Repurposing Outdated Buildings to Create Animal Facilities
Repurposing Outdated Buildings to Create Animal Facilities
Aging, inadequate buildings can be redeveloped to create modern animal facilities as long as the design and construction team is armed with the right tools: an accurate assessment of the existing structure and systems, a clear understanding of the challenges they face and the programmatic and budgetary needs of the owners, and a process that allows for constant re-evaluation throughout design and construction.
A thorough assessment is the first and most vital task, according to Tim Reynolds, PE, laboratory planning principal, and Jennifer Kulseth, laboratory planner, of Treanor Architects’ Science & Technology group.
“You cannot spend too much time assessing the existing conditions. Spend the time that it takes to understand all the constraints. Get in the field and get dirty. Ultimately, it leads to the development of comprehensive solutions that everyone is on board with from the start,” says Reynolds.
“It is important that the design team work with animal care unit people, researchers, and facilities maintenance to agree on budget and schedule, and to learn about all of the program requirements,” he says. “The design team needs to know what is going on in the facility.”
Assessment should include three main categories:
- Existing conditions and obvious challenges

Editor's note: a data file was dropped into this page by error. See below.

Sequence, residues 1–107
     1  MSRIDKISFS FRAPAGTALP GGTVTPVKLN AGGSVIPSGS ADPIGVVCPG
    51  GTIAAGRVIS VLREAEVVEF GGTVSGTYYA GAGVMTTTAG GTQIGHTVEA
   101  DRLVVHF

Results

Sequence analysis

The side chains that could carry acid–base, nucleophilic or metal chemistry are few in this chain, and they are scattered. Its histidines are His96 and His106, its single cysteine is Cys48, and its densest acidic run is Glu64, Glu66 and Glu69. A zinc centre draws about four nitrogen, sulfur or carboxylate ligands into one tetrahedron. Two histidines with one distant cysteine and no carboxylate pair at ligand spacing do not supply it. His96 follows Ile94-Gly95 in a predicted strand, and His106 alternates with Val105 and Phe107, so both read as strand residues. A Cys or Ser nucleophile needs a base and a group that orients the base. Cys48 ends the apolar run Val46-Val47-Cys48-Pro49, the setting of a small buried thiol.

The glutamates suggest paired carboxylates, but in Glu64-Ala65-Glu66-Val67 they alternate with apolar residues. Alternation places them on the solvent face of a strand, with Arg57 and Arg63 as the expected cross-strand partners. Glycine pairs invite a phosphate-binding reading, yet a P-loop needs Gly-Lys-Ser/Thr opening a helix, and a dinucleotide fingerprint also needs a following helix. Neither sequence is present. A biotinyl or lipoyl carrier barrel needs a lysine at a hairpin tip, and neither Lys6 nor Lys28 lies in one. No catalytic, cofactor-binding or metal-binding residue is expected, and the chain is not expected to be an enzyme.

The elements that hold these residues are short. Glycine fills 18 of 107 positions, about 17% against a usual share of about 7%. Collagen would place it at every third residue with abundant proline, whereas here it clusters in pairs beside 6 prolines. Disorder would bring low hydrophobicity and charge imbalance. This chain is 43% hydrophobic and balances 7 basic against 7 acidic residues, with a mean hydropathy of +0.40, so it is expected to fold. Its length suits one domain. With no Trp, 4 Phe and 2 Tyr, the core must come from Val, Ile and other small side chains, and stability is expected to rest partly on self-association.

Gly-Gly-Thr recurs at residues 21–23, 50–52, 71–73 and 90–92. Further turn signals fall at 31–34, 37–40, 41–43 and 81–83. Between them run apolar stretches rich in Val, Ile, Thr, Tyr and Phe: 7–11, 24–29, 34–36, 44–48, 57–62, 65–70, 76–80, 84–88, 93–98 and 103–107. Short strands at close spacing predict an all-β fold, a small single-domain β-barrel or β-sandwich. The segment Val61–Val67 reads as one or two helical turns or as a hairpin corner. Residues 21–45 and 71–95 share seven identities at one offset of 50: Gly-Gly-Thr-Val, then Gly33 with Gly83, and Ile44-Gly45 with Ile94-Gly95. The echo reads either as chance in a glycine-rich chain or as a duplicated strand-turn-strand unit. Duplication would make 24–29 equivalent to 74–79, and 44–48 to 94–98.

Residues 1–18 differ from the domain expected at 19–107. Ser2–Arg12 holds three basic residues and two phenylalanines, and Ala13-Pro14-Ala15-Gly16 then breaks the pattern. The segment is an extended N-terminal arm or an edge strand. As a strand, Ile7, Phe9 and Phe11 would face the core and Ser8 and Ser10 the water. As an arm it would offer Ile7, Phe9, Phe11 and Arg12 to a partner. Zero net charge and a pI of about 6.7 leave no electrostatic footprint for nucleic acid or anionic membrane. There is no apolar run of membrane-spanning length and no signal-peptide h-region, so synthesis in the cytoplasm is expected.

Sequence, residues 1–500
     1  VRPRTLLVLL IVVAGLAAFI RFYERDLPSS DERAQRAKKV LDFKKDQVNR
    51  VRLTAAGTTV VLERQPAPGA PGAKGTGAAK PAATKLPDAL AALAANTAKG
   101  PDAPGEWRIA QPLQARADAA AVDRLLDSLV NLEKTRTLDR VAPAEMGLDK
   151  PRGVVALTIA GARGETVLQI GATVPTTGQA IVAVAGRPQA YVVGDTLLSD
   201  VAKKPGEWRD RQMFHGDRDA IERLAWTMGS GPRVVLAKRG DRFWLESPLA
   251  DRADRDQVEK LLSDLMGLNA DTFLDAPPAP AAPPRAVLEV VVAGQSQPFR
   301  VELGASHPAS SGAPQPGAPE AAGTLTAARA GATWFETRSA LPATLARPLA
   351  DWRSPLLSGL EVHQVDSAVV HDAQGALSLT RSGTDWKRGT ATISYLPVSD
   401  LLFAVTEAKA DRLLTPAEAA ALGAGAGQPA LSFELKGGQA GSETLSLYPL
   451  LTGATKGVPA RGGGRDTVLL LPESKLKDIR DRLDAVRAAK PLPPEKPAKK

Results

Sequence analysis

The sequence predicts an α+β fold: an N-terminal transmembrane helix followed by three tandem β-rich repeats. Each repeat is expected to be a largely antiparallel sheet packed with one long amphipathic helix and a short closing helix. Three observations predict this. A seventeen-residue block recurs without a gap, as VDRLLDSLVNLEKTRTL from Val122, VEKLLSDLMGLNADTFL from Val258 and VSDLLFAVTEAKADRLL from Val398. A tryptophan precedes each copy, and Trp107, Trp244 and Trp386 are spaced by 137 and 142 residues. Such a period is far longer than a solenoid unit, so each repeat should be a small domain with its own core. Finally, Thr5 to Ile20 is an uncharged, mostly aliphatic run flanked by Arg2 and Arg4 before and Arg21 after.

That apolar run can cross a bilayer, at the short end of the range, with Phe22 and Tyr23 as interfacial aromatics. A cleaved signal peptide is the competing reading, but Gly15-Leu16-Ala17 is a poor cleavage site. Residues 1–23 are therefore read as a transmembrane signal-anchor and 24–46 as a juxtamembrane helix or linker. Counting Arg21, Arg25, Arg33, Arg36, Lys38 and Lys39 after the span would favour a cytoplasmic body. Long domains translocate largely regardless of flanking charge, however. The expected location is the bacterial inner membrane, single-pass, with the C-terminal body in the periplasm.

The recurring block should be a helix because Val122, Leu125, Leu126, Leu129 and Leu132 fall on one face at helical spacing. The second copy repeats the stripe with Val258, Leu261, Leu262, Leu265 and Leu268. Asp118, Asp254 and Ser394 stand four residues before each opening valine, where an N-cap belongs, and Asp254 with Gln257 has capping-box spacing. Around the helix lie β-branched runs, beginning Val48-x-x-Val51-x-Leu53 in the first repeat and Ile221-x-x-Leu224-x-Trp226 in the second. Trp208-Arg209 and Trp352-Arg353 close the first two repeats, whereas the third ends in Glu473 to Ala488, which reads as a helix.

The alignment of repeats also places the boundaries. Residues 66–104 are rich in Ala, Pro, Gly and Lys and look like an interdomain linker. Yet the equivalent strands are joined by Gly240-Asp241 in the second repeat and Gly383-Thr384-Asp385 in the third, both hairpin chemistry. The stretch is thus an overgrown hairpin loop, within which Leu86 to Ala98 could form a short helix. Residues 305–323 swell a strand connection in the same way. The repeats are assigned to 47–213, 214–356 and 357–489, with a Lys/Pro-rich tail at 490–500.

- Program requirements
- Project delivery and schedule
Specific research needs, funding and budget requirements, safety, code considerations, infrastructure issues, vibration mitigation, and workflow are all part of a thorough assessment that falls under each of the three main categories. When a building must remain occupied during the renovation, added considerations include construction traffic and noise, adds Kulseth.
University of Kansas Case Study
A small renovation project at the University of Kansas exemplifies both the challenges and the opportunities these projects can present. The University had a $1.5 million budget to adapt 5,500 sf of an existing six-story, 332,000-sf building to accommodate a transgenic and biobehavioral measurement animal facility with stringent requirements.
The building—consisting of two sections, constructed in 1951 and 1976 and modified numerous times over the years—is landlocked in the middle of campus with limited, if any, expansion opportunities. The facility was shared by an existing animal care program, as well as teaching, research, and office areas for four different science departments.
The planning team first assessed research needs. The original program called for renovations on the second floor of the building and included a specific-pathogen-free (SPF) barrier, mouse husbandry, a quarantine area, a biobehavioral lab, pathology, multiple animal holding rooms, and various support spaces.
“The University was growing a new transgenic mouse colony and had limited space for animal holding rooms,” says Kulseth. “They had almost $1 million worth of equipment sitting in storage because they didn’t have the proper space in which to use it.”
Project funding included NIH grant money, which comes with specific design requirements, including the need to correct existing building safety code and infrastructure issues.
During the renovation, the rest of the building had to remain operational, and it was clear that circulation would be an important consideration with an impact on the construction activities. The University’s animal care unit occupied three floors of the building, classrooms used on a daily basis surrounded the renovation area, and students occasionally wandered through the restricted areas.